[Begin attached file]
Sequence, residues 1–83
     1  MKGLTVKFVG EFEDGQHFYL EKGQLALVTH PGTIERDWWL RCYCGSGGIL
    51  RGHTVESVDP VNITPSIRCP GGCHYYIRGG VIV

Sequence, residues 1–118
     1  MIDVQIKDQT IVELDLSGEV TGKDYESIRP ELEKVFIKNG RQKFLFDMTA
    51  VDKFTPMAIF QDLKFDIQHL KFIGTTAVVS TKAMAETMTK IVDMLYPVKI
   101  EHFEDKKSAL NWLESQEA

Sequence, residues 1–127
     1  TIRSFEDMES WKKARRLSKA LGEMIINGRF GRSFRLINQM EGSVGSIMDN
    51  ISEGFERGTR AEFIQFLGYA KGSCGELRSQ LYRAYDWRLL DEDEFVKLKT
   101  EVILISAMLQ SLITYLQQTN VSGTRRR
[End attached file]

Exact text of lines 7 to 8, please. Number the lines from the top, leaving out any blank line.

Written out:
   101  EHFEDKKSAL NWLESQEA

Sequence, residues 1–127